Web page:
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Managing interruptions is a big deal for small business owners who wear a lot of hats. We’re constantly pulled from one thing to another. Multitasking is a nice idea, but isn’t real. Instead of getting multiple tasks done consecutively, you’re task-switching – and usually long before the previous task is complete. If only there were a way to manage interruptions.

That’s where calendaring or calendar blocking comes in. We’re huge advocates of calendar blocking here at Beyond the Chaos (we even have a course). And it works… unless the system breaks.

What can break the system? And how do you get back on track?

Managing Interruptions: When Your Calendaring System Breaks

Here’s a great real-life story from Susan on how interruptions can break a system.

My calendaring broke this morning. Here’s why. I’m getting ready to leave for vacation and doing all the last-minute things to give me work-free time away. In preparation, I’m managing interruptions in advance. That includes getting all of next week’s must-do’s done.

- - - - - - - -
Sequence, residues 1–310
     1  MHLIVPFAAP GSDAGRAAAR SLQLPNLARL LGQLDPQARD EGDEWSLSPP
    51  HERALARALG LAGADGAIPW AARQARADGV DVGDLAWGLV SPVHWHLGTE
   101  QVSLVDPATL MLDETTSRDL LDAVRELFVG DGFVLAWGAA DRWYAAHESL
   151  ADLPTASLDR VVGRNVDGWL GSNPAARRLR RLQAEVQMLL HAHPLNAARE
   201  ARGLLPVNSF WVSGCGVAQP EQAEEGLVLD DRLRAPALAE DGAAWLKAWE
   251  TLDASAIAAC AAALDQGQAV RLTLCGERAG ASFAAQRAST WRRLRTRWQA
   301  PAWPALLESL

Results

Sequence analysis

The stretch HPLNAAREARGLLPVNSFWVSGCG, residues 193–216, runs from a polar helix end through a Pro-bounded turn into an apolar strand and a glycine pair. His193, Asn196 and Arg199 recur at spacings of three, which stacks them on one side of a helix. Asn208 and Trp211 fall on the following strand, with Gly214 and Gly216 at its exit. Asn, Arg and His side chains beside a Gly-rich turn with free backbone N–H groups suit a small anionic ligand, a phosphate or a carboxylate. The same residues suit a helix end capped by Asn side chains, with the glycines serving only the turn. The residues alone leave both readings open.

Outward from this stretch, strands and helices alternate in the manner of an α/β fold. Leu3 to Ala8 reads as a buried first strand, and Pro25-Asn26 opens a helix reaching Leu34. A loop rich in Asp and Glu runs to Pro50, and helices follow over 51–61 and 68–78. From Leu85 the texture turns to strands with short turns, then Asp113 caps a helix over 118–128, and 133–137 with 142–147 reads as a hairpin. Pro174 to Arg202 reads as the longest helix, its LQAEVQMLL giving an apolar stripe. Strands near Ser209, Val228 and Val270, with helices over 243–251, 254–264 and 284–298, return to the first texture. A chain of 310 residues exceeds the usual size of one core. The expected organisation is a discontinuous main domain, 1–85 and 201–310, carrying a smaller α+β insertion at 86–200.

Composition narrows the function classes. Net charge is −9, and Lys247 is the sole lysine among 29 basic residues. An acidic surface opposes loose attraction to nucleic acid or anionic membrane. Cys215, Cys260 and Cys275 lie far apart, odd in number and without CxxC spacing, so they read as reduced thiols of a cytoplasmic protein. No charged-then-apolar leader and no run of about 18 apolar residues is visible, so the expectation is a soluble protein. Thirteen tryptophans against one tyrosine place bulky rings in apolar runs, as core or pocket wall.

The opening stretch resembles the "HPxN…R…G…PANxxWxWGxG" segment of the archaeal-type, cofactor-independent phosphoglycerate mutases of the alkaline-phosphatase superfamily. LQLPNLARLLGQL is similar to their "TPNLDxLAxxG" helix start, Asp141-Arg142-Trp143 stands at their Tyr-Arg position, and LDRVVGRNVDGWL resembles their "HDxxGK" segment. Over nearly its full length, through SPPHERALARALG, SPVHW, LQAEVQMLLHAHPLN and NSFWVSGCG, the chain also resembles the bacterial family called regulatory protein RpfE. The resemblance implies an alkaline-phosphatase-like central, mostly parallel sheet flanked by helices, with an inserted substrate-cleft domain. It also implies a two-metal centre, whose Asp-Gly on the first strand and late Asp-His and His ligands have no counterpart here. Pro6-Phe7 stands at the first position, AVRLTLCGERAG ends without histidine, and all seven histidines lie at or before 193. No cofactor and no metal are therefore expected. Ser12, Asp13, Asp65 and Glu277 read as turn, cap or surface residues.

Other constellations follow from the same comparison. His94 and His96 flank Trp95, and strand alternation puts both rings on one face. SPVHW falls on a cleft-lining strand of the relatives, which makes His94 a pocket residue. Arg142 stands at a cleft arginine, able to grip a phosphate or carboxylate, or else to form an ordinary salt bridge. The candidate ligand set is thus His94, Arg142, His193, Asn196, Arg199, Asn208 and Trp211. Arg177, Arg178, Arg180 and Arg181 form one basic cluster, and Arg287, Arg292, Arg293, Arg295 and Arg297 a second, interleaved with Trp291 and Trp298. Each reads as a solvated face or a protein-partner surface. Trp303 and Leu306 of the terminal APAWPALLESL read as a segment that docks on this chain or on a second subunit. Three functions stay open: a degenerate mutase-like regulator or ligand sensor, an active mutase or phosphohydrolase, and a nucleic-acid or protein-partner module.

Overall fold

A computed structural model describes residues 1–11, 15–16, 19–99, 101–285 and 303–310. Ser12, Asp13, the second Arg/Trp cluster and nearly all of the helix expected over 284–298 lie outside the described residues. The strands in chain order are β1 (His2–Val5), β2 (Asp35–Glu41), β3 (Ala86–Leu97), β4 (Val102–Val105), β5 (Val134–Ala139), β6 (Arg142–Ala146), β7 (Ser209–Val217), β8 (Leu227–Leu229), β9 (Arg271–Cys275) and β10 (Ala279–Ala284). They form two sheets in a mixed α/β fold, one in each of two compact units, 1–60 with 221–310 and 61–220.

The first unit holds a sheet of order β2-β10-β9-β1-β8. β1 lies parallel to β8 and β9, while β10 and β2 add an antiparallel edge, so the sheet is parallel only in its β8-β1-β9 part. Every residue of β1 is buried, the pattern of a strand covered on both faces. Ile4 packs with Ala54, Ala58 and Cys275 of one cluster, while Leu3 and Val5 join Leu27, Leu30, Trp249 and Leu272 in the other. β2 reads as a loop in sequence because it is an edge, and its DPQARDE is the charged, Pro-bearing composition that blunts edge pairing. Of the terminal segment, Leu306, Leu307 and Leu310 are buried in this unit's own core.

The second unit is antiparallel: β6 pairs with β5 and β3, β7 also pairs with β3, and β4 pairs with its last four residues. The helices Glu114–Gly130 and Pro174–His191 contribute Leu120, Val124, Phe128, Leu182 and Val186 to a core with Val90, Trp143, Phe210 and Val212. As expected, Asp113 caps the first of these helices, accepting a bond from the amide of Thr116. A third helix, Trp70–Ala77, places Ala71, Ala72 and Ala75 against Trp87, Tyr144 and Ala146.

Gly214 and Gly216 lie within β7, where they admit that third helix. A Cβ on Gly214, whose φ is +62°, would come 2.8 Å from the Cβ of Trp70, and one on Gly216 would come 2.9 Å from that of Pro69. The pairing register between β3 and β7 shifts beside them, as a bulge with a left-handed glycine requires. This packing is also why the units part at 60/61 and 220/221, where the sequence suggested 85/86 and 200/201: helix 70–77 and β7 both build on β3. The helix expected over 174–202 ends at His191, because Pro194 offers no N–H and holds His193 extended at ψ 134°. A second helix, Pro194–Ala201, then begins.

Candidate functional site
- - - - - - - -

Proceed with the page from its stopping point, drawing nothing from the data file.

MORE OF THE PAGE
The first interruption was about a last-minute dog boarding change, which resulted in me having to change plans, reverse payments, pay new people, and whatnot.

Then, I got a response to a for-sale item I had listed online. Wanting that extra $150 spending money for my vacation, I set up a time for the person to stop by, and I made the sale.

Compound that with a business issue, I was troubleshooting through a support ticket. It was all put back on me to address with another provider, which meant I had to restart the support ticket process with them.

So, how did I get off track this morning? Life happens.

Many other things can break your calendaring as well. Sometimes, it’s procrastination. Or a legitimate emergency.

The other day, a client got called away for a family emergency. Not only did that break her calendar blocking, but it also broke the team member she was scheduled to meet.

What about when something takes longer than was expected? Or, what if you don’t feel focused enough to work on the task you designated at that time?